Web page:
Same-sex marriage, which Taiwan’s top court ruled in favour of Wednesday, is currently legal in around 20 countries around the world, 13 of which are in pioneering Europe.
Such unions are, however, still illegal in most parts of Africa and in the Middle East, where homosexuality is in some cases punishable by the death penalty.
The Netherlands in April 2001 became the first country in the world to allow gay and lesbian couples to marry in a civil ceremony.
Twelve European countries followed: Belgium, Britain (except Northern Ireland), Denmark, Finland, France, Iceland, Ireland, Luxembourg, Norway, Portugal, Spain, and Sweden.
Some European countries only allow homosexuals to enter into civil partnerships, including Austria, Croatia, Germany, Greece, Hungary, Italy and the Czech Republic.
Estonia became in October 2014 the first former Soviet republic to authorise this kind of civil union.
Many eastern European countries — including Bulgaria, Latvia, Lithuania, Poland, Romania and Slovakia — still deny homosexuals the right to marry or enter into unions.
Slovenians in December 2015 voted in a referendum against efforts by their national parliament to legalise gay marriage.
Some 15 western European countries allow same-sex couples to adopt children, whether within marriage or civil partnership. They include Belgium, Britain, Denmark, France, the Netherlands, Spain, and Sweden. Others like Finland, Germany and Slovenia allow gay people to adopt the child of their partner.
Ten countries allow lesbian couples to conceive children with the help of assisted reproductive technologies (ART): Austria, Belgium, Britain, the Netherlands, Spain and the Nordic countries.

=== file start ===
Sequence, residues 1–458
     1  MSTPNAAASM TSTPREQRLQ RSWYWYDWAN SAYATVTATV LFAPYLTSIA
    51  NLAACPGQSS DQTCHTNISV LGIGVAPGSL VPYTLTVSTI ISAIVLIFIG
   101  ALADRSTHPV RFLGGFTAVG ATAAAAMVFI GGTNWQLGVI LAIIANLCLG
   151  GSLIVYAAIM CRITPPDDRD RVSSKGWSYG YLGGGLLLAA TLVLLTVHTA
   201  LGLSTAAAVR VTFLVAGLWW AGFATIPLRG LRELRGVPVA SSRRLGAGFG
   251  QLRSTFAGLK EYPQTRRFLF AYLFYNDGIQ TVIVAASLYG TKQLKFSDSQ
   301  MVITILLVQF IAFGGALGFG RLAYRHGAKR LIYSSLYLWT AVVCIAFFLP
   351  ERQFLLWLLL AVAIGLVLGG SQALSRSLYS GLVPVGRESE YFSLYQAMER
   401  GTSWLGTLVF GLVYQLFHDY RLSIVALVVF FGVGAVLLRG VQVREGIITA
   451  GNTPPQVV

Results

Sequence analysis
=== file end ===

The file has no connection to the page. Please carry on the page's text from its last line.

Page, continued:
Surrogacy remains restricted across most of the continent.
Belgium, Britain and the Netherlands allow for volunteer surrogacy and in Greece, women can be reimbursed for the costs of carrying a child for someone else.
Progress in America
Canada led the way in North America, authorising same-sex marriage and adoptions in June 2005. ART and surrogacy are also allowed.
In the United States, with gay marriages still banned in 14 of the 50 states, a historic Supreme Court decision in June 2015 legalised gay marriage nationwide.
Mexico’s federal capital led the way in Latin America towards civil unions in 2007 and full marriages in 2009.
Same sex marriages are also legal in Argentina, Uruguay, Brazil and Colombia.
A crime in Africa
On a continent where around 30 countries ban homosexuality, only in South Africa can gays legally marry, adopt or have children by ART and surrogacy.
In Sudan, Somalia and Mauritania homosexuals face the death penalty, while only a handful of countries — Gabon, Ivory Coast, Chad, the Democratic Republic of Congo, Mali, and Mozambique — have decriminalised the practice.
Hostility in Middle East, Asia
Israel leads the Middle East in terms of respect for homosexual rights, and recognizes gay marriages performed elsewhere, though such marriages are not performed in Israel itself. Gay couples can jointly adopt children.
Homosexuality is theoretically punishable by death in Saudi Arabia and the United Arab Emirates, while Lebanon is more tolerant than other Arab countries.
In Asia, after Taiwan, the taboo surrounding homosexuality is slowly eroding in Vietnam and Nepal.
The only country in the region that allows gays to marry is New Zealand, which passed a law in April 2013, 27 years after homosexuality was decriminalised.
The most recent attempt to legalise gay marriage in Australia hinged on a planned referendum that was blocked in November 2016.